The day Jesus died was not, let it be said, a proud day for the first-century Jerusalem establishment. That a film like The Passion of the Christ, even if it did no more than reflect the gospel accounts, should be "painful to watch" for non-Christian Jews is hardly surprising.
Caiaphas vs. Pilate
At the same time, the situation is more complicated than that. The Passion of the Christ does not simply reflect the gospels.
Compared to the gospels, the character of Pontius Pilate in the film is more nuanced and sympathetic than the canonical figure, while Caiaphas, the Jewish high priest, is somewhat less so. The film develops in detail Pilate’s inner struggle and his motivations for crucifying Jesus, yet no attention is given to Caiaphas’s motivations — which, as it happens, are according to John’s gospel remarkably similar to Pilate’s. Both men are trying to keep the peace and avoid potentially dangerous unrest; Pilate fears a riot, while Caiaphas fears a Roman crackdown.
Pilate’s inner struggle is developed well beyond what is set forth in the gospels. "If I crucify him," he reasons in a non-canonical line, "his disciples will start a riot; if I don’t, Caiaphas will start a riot." Yet the film omits the canonical line from John’s gospel in which Caiaphas argues that it is better for one man to die for the people that the nation be saved. Had Gibson retained this line, perhaps giving Caiaphas a measure of the inner conflict he gave to Pilate, it could have underscored the similarities between Caiaphas and Pilate and helped defuse the issue of antisemitism.
The film softens Pilate’s character in other ways as well relative to the biblical picture. For example, even John’s gospel, of the four the most sympathetic to Pilate, depicts Pilate brushing aside Jesus’ dictum about truth with the dismssive remark "What is truth?" In the gospel, there is no indication that Pilate ever thought about this brief exchange again. But in the film it foreshadows a heartfelt discussion between Pilate and his wife Claudia about the nature of truth. Again, had Gibson permitted Caiaphas some of this soul-searching, the result might have been less subject to criticism.
Yet even Caiaphas isn’t without a degree of nuance and moral conflict, as I indicated in my review. Once again going beyond the gospel text, Gibson has Caiaphas witnessing the scourging at the pillar, not sadistically, but in a troubled and sympathetic way.
Compare this redemptive moment to the depictions of the nuns and priests in The Magdalene Sisters, not one of which has a single comparable moment of anything like moral conflict, let alone compassion, generosity, or any moral virtue. I consider The Magdalene Sisters anti-Catholic agitprop in good measure because of its unrelentingly prejudicial depiction of every single nun and priest. The same cannot be said of the Jewish leaders in The Passion of the Christ.
In fact, at least two members of the Jerusalem council or Sanhedrin, Nicodemus the Pharisee and Joseph of Arimathea, are depicted objecting the trial of Jesus and denouncing it as illegal. So the Sanhedrin isn’t depicted as monolithically opposed to Jesus.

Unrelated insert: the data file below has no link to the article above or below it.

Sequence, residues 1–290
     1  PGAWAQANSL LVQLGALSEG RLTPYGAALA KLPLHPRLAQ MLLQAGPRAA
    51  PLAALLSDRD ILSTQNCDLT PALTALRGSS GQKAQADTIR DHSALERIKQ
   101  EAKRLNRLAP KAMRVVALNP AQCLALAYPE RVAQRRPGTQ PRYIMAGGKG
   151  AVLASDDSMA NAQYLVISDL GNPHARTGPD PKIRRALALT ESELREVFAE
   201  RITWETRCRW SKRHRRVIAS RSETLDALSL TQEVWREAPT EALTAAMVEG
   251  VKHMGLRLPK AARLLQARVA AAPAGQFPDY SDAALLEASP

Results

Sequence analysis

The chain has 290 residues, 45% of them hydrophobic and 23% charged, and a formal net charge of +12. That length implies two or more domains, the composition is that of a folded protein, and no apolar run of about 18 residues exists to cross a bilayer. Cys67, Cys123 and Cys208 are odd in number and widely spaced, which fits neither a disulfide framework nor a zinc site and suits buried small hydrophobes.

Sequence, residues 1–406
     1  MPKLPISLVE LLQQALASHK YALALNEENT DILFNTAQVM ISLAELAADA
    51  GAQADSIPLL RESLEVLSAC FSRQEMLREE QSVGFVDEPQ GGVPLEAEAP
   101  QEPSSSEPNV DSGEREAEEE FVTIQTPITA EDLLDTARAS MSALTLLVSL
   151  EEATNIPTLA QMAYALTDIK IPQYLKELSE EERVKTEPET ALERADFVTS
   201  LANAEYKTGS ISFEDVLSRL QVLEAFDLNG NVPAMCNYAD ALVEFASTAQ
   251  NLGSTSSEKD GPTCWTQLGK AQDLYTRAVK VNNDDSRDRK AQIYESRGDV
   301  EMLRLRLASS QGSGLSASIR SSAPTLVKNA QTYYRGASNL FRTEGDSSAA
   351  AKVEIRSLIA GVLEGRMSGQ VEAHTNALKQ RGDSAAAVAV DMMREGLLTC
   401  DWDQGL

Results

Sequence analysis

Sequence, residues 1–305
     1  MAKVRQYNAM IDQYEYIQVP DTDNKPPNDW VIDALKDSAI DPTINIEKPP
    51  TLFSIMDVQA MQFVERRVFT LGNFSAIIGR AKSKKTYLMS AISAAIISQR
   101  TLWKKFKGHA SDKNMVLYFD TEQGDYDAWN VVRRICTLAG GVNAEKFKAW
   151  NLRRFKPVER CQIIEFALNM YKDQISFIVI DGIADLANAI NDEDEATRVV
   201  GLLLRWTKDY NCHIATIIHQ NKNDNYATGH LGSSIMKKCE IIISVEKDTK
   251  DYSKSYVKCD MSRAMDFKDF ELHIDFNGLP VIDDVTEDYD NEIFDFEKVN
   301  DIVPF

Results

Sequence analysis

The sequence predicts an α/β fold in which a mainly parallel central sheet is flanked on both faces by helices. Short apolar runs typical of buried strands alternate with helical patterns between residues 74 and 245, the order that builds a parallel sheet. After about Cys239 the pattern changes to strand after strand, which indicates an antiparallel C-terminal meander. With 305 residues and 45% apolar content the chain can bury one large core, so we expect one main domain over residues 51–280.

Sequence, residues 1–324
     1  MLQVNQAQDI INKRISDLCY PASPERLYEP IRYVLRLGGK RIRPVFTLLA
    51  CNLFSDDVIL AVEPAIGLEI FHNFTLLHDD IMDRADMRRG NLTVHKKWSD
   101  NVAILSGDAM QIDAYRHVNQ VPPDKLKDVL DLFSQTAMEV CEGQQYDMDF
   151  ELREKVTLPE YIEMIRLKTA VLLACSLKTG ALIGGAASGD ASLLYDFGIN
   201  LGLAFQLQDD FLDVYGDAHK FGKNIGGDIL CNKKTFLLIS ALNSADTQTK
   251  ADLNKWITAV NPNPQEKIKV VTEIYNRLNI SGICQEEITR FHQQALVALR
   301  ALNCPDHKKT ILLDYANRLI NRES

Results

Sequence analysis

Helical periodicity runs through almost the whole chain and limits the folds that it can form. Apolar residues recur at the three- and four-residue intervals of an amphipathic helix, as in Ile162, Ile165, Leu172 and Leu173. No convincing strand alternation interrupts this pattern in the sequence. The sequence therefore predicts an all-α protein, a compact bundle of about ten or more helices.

Beyond that, there’s also at least one positive, sympathetic Jewish character who has no prior involvement with Jesus and is not depicted acting as or becoming Jesus’ disciple: Simon of Cyrene, the man who helps Jesus carry his cross. His role, too, has been beefed up; at first we see him prudently seeking to distance himself from the condemned criminal, but in the end compassion gets the better of him, and he dares to stand against the brutal Roman cohort and defend Jesus.
This picture of a typical Jewish man in the street suffering side by side with Jesus at the hands of the Romans is one of the film’s most moving images. Significantly, this scene includes an explicit, damning depiction of Roman antisemitism, as one of the centurions contemptuously spits the word "Jew" right in Simon’s face.
Another positive factor worth noting in the film’s overall treatment of Judaism is the Jewishness of Jesus himself and his disciples. For example, we see Jesus being called "rabbi," and a familiar line from the passover liturgy about being freed from slavery is quoted by the Virgin Mary and Mary Magdalene.
The most important point, though, is that responsibility for Jesus’ death in The Passion of the Christ is not something to be variously apportioned among the Roman and Jewish supporting cast. From the portentous opening scene, with its confrontation between Jesus and the tempter, the film is abundantly clear that the reason Jesus died was not the intrigues of Jews or Romans, but because he freely chose to lay down his life in atonement of the sins of the world.
The film begins with the agony in the garden, during which a satanic figure suggests to him that "No man can bear this burden" until Jesus decisively puts his foot down and ends the trial. Later, carrying his cross, there’s a moment when he says, catching sight of the Jewish priests, "No one takes my life from me, but I lay it down on my own accord" — almost as if to say that their involvement has been merely incidental. Then there is a deeply affecting moment with his mother, bordering on divine gallows humor, in which, battered and bloodied, and says to her, "See how I make all things new."
Finally, at the moment of the crucifixion itself, Mel Gibson’s own hand holds the nail to be driven through Jesus’ hand, symbolizing the director’s acknowledgment that it was finally for his own sins — for the sins of the whole world, not of any one generation or people — that Jesus died. That is the message of the film, and the final answer to concerns about antisemitism, and The Passion of the Christ never loses sight of it.